The last decade has shown important changes in Montana’s population based on the release today of the 2020 Census Redistricting Data.
The state’s population grew 10% over the decade. Most of Montana’s counties continued to grow (38) from 2010 to 2020 although slower than the previous decade. Gallatin grew the fastest both in number of residents (29,447) and in percentage growth (33%). Rosebud County lost the most residents (904) over the decade and Liberty County had the largest percentage decline (16%). The average growth in urban counties and those counties west of the Continental Divide was higher than that of rural or eastern counties.
Montana became more diverse. White Alone or in Combination decreasing from 92% to 91% of the population. American Indian / Alaskan Native Alone or in Combination are the largest minority group making up 9% of the state. The percentage of residents identifying as Hispanic also grew from 3% in 2010 to 4% in 2020.
Reservation areas grew by 5% overall with Flathead gaining the most residents (2,490) and Fort Belknap seeing the greatest percentage increase 19%.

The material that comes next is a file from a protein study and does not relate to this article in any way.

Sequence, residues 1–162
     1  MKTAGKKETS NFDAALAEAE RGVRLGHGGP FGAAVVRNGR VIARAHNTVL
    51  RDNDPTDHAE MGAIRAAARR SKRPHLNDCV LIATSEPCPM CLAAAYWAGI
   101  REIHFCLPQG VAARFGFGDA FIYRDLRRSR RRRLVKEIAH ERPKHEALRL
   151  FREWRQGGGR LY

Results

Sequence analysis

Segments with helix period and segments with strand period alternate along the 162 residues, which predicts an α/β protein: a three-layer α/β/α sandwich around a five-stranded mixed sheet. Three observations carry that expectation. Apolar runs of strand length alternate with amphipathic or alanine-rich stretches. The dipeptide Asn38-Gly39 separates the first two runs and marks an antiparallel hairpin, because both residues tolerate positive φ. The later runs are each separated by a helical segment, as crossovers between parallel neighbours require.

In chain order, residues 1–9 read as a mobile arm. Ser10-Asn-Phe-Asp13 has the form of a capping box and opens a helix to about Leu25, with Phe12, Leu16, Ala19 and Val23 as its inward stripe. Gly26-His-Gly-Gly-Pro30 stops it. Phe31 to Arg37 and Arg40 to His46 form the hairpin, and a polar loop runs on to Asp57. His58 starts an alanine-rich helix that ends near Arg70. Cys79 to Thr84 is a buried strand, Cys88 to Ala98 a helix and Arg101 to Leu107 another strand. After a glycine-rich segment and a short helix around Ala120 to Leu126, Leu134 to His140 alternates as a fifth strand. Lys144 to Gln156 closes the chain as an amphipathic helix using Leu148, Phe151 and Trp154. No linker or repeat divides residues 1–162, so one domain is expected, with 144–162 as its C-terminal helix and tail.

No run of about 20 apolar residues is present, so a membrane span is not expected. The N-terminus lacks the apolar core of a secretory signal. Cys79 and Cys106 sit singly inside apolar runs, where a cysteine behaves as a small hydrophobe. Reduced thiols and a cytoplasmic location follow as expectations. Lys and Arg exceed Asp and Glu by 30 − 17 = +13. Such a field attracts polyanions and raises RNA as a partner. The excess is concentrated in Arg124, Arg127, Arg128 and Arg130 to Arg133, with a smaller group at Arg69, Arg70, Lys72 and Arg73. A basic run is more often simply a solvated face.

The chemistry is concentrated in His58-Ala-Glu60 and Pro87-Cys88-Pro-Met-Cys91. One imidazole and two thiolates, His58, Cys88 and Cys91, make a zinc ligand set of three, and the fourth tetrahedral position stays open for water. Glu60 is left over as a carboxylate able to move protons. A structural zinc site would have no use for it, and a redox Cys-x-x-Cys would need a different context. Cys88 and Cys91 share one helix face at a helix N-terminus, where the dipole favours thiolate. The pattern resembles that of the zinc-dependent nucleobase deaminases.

Along with population counts, counts by race, ethnicity and voting age are available for County, Place, State Legislative, School Districts, and other levels of Census geography.
The information released today will be used by the Montana Districting and Apportionment Commission to determine the boundaries for Montana’s two congressional districts and to redraw local legislative districts. Because of the growth in Montana’s population announced earlier this year, the state gained a second Congressional seat.
In addition to forming the basis for congressional, legislative, and school districts, Montana annually receives more than $2 billion in federal funding, which is distributed based on Census data. These dollars fund more than 300 programs including highway planning, health care, educational programs, and community infrastructure.
The federal government conducts the constitutionally mandated population count of all residents in the United States every 10 years. The role of states is to help promote the importance of responding to the count.
Last year, the U.S. Census Bureau suspended field operations from March to early May in response to the COVID-19 pandemic. The U.S. Census Bureau reports a 99% accounting of households in Montana with 60.4% self-responding by internet, phone, or mail.
For more information about the 2020 Census, visit the Census and Economic Information Center at the Montana Department of Commerce at CEIC.MT.GOV.